Tuesday 9 October 2018

Dublin Port Archive launched online and free

The Dublin Port Company has launched a dedicated online repository containing employee registers, photographs, drawings, maps and charts, and videos at DublinPortArchive.com.

With records dating back to 1707, the physical archive is still being catalogued so the website, which is free to search and view and already holds items that anyone with family connections to the port will enjoy exploring, is a work-in-progress.

The Name Book - Click for larger view
Probably of most immediate interest to family historians is the Name Book. This covers the period from 1906 to 1914 and lists every manual worker employed by the Dublin Port and Docks Board. (Note: this book doesn't include Dockers; they were employed by stevedoring companies, not by the Board.) It contains information on the dates employees started and finished work with Dublin Port, their occupation and any noteworthy events or occupation changes that occurred during their time of employment at the Port. For example, you'll see 'Striker' written in red ink against some of the names.

An introduction to the Name Book says that a pdf of an image from the register page can be downloaded for each search result. I haven't found this to be the case; clicking on 'View' seems to be futile, and although I've tried to contact the Archive since yesterday's launch, I haven't been able to speak to anyone about the problem.

However, I've found that it's possible to browse images of the register pages via the Gallery section of the site instead. As names are recorded in a 'soft' alphabetical order, it doesn't take long to locate the entries you've found in the name search.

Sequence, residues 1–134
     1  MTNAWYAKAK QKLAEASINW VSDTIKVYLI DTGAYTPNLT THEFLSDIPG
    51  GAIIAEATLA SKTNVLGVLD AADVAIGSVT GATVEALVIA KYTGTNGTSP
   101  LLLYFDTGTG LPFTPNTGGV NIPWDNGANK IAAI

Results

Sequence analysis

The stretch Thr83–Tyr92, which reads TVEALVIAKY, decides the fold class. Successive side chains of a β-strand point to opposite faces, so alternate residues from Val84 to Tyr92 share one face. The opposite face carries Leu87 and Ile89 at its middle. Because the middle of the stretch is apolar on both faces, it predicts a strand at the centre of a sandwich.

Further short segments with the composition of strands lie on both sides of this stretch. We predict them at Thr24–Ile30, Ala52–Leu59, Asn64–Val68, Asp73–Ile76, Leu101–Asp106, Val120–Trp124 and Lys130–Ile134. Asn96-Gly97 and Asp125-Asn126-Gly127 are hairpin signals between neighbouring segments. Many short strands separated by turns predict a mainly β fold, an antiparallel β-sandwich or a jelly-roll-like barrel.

The Gallery also holds general research material, including videos, and maps. I particularly enjoyed the Nicknames video, where ex-employees were filmed laughing and jokeing as they recalled some of the nicknames – some kind, some not so kind – conferred on most of their fellow workers at the port. A collection of historical maps dating back to the early 18th century features the Dublin coast from Dun Laoghaire to Skerries and along the river course and into its estuary, while the 1926 Yearbook provides a detailed history of the dock, the development of its many quays, its chief exporters (think Guinness and Jacob's Biscuits) and shipping lines, and the distance to destination ports around the world. It's full of photos and drawings.

(Thanks to eagle-eyed genealogist Claire Bradley for spotting news of the release.)